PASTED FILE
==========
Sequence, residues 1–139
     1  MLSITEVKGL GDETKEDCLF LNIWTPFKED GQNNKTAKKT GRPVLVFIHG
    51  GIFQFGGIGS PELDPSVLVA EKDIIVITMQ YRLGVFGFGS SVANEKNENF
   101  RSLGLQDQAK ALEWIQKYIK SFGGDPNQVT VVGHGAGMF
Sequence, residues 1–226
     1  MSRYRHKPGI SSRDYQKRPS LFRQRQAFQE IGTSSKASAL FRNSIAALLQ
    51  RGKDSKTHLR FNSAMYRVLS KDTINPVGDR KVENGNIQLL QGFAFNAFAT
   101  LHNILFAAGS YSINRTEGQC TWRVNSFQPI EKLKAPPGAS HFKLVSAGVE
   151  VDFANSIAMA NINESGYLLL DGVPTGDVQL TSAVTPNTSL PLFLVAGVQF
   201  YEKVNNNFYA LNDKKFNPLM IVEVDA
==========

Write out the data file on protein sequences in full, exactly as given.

Sequence, residues 1–139
     1  MLSITEVKGL GDETKEDCLF LNIWTPFKED GQNNKTAKKT GRPVLVFIHG
    51  GIFQFGGIGS PELDPSVLVA EKDIIVITMQ YRLGVFGFGS SVANEKNENF
   101  RSLGLQDQAK ALEWIQKYIK SFGGDPNQVT VVGHGAGMF
Sequence, residues 1–226
     1  MSRYRHKPGI SSRDYQKRPS LFRQRQAFQE IGTSSKASAL FRNSIAALLQ
    51  RGKDSKTHLR FNSAMYRVLS KDTINPVGDR KVENGNIQLL QGFAFNAFAT
   101  LHNILFAAGS YSINRTEGQC TWRVNSFQPI EKLKAPPGAS HFKLVSAGVE
   151  VDFANSIAMA NINESGYLLL DGVPTGDVQL TSAVTPNTSL PLFLVAGVQF
   201  YEKVNNNFYA LNDKKFNPLM IVEVDA